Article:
Well, we got the help we needed, were able to come up with a consistent repro scenario, and were able to prove that the fix I’d implemented did, indeed, resolve the problem that users had been seeing. Thanks to some very hard work by a lot of people, both in and outside of Microsoft, we were able to have a service release of Word ready they day Jaguar shipped, and very few users every actually ran into this particular problem.

The disk is full on save problem, however, was plagued by our inability to come up with consistent repro scenarios, and while we’d suspected the OS file limit was the root cause for some time, the question that always plagued us was understanding why we could not reproduce the problem, in those rare instances where we came up with a repro scenario, while running under the debugger. It wasn’t until we learned that the debugger bumped the OS open file limit for the debugged process that we knew the answer to that question, and could proceed. Moreover, as we’d fix one scenario in one particular way, finding other repro scenarios got increasingly difficult.

The point of all of this is that fixing a bug requires two things. The first, of course, is some way to diagnose the actual problem and come up with a fix. But the second, and not so obvious, is the need for a consistent repro scenario that enables us to prove that the fix actually resolves the problem. Without both, we’re really only guessing, and even though it might be a very well educated guess, it’s still only a guess.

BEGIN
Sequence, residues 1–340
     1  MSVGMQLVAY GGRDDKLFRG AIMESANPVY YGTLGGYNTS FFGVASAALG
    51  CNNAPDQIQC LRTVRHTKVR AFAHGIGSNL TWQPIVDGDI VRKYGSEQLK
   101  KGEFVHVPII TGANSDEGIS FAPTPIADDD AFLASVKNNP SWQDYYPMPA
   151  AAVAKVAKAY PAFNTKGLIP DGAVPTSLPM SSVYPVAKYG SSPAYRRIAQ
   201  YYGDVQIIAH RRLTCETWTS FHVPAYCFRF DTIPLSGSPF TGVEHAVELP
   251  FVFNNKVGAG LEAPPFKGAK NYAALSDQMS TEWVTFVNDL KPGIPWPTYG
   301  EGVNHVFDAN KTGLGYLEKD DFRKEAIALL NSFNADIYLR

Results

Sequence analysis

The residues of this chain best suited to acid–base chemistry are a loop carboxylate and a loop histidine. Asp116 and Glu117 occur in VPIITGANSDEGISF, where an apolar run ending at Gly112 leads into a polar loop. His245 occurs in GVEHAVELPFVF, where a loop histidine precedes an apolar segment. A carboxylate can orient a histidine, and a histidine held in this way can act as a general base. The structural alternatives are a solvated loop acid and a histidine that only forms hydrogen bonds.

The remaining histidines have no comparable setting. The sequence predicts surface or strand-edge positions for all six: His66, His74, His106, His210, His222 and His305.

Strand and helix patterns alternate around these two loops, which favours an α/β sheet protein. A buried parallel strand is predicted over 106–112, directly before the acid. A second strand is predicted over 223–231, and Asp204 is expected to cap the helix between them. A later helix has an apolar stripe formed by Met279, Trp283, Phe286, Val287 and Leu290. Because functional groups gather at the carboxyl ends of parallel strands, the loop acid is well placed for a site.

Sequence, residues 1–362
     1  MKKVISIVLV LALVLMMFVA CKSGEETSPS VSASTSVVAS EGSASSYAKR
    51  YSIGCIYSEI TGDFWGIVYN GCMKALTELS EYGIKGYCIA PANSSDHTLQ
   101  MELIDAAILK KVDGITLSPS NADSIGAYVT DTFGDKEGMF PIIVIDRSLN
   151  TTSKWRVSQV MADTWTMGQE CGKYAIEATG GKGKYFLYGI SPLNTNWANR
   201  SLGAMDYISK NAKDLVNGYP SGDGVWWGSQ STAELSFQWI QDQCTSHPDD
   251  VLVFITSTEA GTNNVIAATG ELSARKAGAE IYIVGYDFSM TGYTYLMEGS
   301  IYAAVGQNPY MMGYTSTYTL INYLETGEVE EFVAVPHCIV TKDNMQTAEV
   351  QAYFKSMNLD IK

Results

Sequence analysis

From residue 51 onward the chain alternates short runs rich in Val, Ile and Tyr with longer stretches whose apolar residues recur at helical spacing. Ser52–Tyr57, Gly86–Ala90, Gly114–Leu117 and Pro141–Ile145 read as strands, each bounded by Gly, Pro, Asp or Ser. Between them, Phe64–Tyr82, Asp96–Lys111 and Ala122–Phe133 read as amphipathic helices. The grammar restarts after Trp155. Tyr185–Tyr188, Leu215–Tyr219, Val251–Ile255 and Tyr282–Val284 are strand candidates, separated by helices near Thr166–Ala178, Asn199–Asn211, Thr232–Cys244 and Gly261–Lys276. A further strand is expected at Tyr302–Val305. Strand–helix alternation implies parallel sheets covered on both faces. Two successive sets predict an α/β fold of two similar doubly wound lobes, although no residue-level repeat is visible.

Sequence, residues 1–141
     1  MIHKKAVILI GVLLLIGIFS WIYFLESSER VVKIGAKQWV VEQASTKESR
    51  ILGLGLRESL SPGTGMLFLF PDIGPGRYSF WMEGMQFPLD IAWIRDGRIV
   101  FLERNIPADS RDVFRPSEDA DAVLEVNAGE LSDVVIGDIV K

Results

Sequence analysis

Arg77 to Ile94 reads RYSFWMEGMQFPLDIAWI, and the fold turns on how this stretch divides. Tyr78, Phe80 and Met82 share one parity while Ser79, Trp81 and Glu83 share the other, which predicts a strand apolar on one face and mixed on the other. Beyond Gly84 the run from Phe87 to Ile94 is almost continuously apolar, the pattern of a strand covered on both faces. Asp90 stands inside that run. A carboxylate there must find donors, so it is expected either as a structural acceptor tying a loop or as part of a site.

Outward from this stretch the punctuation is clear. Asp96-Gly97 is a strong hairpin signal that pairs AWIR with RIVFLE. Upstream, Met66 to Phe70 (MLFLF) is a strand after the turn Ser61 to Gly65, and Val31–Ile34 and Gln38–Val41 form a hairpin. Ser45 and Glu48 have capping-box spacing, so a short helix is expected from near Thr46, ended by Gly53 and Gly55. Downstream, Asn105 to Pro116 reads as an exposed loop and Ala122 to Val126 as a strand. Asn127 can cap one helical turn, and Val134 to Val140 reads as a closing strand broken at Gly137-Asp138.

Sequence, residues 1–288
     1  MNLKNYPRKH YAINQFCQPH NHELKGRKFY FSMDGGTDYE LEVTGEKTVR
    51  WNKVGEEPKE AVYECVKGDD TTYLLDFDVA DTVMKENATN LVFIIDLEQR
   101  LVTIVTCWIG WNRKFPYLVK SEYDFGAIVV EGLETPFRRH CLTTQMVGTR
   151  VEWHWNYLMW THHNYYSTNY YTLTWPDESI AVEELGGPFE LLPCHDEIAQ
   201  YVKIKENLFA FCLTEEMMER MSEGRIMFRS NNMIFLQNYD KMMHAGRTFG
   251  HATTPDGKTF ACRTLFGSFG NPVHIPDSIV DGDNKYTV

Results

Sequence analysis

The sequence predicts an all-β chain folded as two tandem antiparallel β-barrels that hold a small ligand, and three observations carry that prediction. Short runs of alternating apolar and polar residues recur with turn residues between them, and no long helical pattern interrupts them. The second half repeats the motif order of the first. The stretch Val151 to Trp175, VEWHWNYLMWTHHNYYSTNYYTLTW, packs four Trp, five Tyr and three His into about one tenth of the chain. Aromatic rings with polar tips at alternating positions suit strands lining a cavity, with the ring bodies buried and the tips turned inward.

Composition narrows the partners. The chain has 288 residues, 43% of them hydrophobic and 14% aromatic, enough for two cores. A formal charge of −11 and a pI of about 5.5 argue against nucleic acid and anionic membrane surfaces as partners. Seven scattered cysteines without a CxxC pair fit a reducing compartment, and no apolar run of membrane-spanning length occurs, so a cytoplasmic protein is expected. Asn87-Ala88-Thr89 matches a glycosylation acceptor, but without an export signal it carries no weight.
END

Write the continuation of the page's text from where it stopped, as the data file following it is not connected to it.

We resolved the font menu buffer overrun in September of 2002. Since then, the age of Word’s code base has surpassed the legal drinking age in all 50 states. With a code base that old, you simply can’t afford to release a fix based on even an educated guess. The risk that you’ve introduced a problem worse than the one you’re trying to fix is simply too high. At that point, the only alternative is to roll the fix into the next major release, which gives us enough time to pound on the fix in a wide variety of scenarios such that we have sufficient confidence in the efficacy of the fix.

Now, why tell these stories? Why even bother to air out our dirty laundry like this? Certainly not because I’m a masochist. Rather I’m a pragmatist. Word has a number of quirks, funky behaviors, and downright nasty bugs (of the latter I’m certain, even though I can’t prove it). Fixing them requires a cooperative effort between users and those of us who work on the product. We need as much information as you can give, but I want people to understand the difference between actual information and speculation about the causes of the problem.

I can pretty much guarantee that you won’t be able to out speculate those of us who work on the product. For any given problem that you’ve encountered, there’s a pretty good chance that we have suspects that never occurred to you. Sgt. Joe Friday’s most famous line is apropos. Speculation, especially speculation that is highly judgmental, is utterly useless to me, and a waste of both your time and mine. I gotta have a repro, man.

And for all of those people blogging about Word, don’t think we don’t read what you’ve had to say. In fact, right now, there’s a team of developers , testers and users who are scouring the Internet and various newsgroups for any reports of problems with Office 2004. They’re known as the MacSWAT team. They include all of the Mac Office MVPs—people who really have both my admiration and undying gratitude.